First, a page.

Thank you, thank you all. I am so honored to be here. So humbled to be elected representative of the 8th District. I just heard from Joe Walsh a couple of minutes ago. He was very gracious. He ran an aggressive campaign, and I want to spend this time to acknowledge that he offered to let his congressional office help us set up our new one. He was very gracious.
Thank you to everyone here to tonight. Thank you to all our volunteers and donors. We won because of you. You and your ground game. You answering my calls for help. Coming in after work, on the weekends. I would never have been able to do this without your unbelievable support. You, my friends, stood with me when others tried to buy this election. Together, we kept faith with the nation and exercised the freedoms for which our ancestors fought. You worked every day to ensure that our government will be one where rational people seek practical solutions for the nation's challenges. A place where the word "compromise" will not be ridiculed.
One wonderful woman touched my heart when she mailed me grocery coupons to help us feed our volunteers. She knows I love coupons. You see, it was all she could afford to give, and she asked me, "Please, Tammy, look out for me, because I'm on a fixed income and I'm just barely getting by." So thank you to each one of you for giving me the opportunity to look out for her.
Thank you also to all my staff, my dear friends and advisors who joined me on this journey.
Most importantly, thank you to our military men and women, our veterans and their families, for the blood you shed, the heartache you endured, and the wounds—both visible and unseen—you suffer daily just so we as a nation could exercise the liberties of this great democracy.
And I especially want to thank my family—my husband, Brian, my mom, Lamai, and my brother, Tom, who are here to celebrate with us tonight.
Throughout the campaign, many of you heard me speak of my dad. He was a proud soldier and Marine who fought for our country, but he struggled with unemployment later in life. He never for a moment gave up on himself. He taught me that a little perseverance goes a long way. My father had a heart attack and passed away while he was visiting me at Walter Reed while I was recovering from my own wounds. I know he'd be proud of my right now. Oorah, Dad.
Thank you for entrusting me with this duty. I am proud to be your servant in Congress. Together, we bring a new attitude to Washington. Starting on my first day I will remind the Congress that we are here to serve, not to obstruct. All Americans should be served by their government.
We will value those who labor for a day's wages as much as those who achieve wealth through investments. As a nation, we have many challenges, but I'm ready to face them, as I have always. I am ready to find practical solutions to the problems we face. I am ready to serve you.
Over the course of the last 18 months, I've not heard anyone asking for a handout. What I've heard were people asking for strong and responsive government to be there when they need it. I heard parents asking to make health care for their children more affordable. I heard the disabled asking for real access. I heard seniors asking to keep the guaranteed benefits they worked an entire lifetime for. I heard mayors asking for resources so they can get back to work, making their roads smoother, business districts more modern and big bridges stronger. I heard business owners asking me to make securing a loan just a little bit easier so they can finally put people back to work.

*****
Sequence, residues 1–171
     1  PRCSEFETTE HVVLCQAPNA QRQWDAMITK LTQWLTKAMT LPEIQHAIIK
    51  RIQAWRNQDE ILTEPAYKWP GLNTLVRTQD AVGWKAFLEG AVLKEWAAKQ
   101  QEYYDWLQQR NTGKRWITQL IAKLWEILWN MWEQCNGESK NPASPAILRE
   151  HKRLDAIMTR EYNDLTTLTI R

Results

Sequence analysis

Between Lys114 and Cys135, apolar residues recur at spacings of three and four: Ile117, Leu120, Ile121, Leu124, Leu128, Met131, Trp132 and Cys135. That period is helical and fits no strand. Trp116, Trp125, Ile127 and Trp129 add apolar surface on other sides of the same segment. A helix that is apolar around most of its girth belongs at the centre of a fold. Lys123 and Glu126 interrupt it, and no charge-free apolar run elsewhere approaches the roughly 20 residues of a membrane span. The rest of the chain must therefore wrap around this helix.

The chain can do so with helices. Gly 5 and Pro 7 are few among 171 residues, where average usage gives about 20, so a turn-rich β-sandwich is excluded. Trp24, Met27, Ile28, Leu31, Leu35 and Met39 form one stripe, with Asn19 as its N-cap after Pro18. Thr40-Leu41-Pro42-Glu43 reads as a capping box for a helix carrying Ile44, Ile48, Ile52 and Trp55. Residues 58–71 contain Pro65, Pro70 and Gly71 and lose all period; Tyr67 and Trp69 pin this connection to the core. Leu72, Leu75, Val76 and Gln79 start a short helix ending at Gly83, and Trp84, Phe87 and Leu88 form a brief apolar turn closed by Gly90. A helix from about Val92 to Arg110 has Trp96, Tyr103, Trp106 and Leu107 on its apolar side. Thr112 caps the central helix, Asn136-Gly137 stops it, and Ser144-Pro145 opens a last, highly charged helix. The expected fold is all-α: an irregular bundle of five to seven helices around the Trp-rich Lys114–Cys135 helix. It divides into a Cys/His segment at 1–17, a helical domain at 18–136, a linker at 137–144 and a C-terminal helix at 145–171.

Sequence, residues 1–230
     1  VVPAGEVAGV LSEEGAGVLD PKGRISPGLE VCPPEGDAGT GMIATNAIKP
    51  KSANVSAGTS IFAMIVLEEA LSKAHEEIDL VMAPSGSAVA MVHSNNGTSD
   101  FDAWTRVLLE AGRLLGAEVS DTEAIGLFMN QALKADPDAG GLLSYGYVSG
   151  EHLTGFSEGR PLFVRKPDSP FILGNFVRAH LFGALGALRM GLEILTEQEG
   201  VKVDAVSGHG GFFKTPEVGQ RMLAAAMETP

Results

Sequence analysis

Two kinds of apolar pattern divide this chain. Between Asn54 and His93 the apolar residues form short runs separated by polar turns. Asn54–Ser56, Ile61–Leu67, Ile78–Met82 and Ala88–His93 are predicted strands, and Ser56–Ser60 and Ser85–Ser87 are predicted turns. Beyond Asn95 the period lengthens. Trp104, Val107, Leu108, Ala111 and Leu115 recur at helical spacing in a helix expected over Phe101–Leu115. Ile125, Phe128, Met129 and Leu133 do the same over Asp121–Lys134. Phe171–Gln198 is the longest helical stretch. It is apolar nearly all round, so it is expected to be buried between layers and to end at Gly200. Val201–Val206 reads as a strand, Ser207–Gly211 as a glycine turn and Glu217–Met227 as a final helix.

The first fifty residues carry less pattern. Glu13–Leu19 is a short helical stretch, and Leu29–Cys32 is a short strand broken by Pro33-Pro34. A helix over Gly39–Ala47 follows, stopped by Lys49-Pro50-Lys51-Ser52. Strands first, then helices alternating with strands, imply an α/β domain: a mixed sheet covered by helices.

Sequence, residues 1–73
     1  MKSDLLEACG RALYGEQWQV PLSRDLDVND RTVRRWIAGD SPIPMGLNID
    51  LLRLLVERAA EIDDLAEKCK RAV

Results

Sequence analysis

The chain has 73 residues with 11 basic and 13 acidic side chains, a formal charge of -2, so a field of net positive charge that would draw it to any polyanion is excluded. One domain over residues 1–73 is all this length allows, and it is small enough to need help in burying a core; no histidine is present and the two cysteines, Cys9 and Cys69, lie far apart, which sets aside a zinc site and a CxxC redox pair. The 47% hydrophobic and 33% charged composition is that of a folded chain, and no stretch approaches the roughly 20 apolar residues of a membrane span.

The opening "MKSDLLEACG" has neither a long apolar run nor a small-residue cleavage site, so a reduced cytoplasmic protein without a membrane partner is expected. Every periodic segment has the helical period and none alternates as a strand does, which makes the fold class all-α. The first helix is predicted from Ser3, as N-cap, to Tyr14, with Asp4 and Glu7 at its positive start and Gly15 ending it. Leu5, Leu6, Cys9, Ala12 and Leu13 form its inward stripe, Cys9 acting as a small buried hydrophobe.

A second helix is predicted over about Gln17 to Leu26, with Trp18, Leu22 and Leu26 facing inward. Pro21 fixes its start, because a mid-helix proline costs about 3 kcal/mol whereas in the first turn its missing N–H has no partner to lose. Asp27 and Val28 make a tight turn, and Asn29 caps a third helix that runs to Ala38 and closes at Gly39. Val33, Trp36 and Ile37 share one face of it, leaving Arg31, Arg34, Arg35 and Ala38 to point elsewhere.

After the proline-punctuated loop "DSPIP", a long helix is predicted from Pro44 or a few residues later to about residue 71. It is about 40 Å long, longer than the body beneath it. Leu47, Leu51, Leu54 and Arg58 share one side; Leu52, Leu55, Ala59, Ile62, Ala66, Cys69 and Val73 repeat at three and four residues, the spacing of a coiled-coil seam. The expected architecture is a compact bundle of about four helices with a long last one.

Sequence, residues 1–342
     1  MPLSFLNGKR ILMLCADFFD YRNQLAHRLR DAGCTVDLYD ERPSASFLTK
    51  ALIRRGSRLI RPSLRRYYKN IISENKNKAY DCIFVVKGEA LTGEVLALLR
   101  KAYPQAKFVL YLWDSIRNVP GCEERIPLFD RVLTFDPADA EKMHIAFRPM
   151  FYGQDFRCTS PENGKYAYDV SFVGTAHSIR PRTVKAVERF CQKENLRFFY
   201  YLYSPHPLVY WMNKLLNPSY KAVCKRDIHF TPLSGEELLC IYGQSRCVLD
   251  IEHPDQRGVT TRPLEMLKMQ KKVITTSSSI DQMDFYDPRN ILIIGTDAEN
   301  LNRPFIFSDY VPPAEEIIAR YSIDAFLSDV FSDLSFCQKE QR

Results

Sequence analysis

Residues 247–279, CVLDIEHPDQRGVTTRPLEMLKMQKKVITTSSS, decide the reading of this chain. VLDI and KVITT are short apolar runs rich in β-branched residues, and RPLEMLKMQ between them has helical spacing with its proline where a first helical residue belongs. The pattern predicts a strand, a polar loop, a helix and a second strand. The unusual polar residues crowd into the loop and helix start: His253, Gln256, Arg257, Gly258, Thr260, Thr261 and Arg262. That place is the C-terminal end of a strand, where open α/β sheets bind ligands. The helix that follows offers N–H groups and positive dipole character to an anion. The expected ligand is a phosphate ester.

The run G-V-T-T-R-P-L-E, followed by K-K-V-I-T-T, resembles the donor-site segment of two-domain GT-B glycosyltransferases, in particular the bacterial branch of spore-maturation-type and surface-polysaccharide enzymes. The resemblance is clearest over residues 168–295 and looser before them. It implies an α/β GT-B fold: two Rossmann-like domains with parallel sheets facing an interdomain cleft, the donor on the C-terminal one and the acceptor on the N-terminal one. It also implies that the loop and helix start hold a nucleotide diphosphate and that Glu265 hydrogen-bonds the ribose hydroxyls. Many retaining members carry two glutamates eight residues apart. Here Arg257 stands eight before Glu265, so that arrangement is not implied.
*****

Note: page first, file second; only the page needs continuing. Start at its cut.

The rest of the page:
Imbedded on our character, in the character of every American, are the traits that made this nation great. Whenever we see an obstacle, we work to overcome it. When we face adversity, we find a way to turn it to our advantage. When we are knocked down, each of us will struggle mightily to return to self-reliance. We pull together, and we don't leave those who have experienced a tragedy to fend for themselves. Most importantly, we do believe in America, because we believe in Americans.
There are two days in November that are important to me. There's this amazingly wonderful Election Day that we're enjoying tonight, and then there's my Alive Day, the anniversary of my shoot-down in Iraq. It was on Nov. 12, just a couple of days from now, that I was co-piloting my Blackhawk, when we took enemy fire and were hit with a rocket-propelled grenade that exploded in my lap and ripped off one leg and crushed the other and took off most of my right arm. That's when I entered what military doctors call the Golden Hour. It's the hour after a catastrophic injury when life hangs in the balance, when everything depends on getting immediate help. It's in that hour that so many of our warriors lives are saved by the heroism of their buddy, who simply refuse to let them die. I don't remember much of my Golden Hour, but I know that my crew didn't give up on me. Even though insurgents were just a few hundred yards away and they were wounded themselves, they lived up to their creed of never leaving a fallen comrade behind. Their heroism is why I'm alive today.
I believe that America is in her Golden Hour. Our beloved nation is faced with challenges that have shaken us to our core. The only way to pull America through her Golden Hour is how my crew pulled me through mine—by looking out for one another, by fighting for the hardest hit, by understanding that we are in this together. We have mountains of challenges in front of us right now. So let's turn those great obstacles into our greatest opportunities. We have a lot of work to do, but I know that together, we will get it done.
Thank you so much for your support. I look forward to being your Congresswoman. God bless each and every one of you. God bless our troops who are in harm's way right now. And always—God bless the United States of America.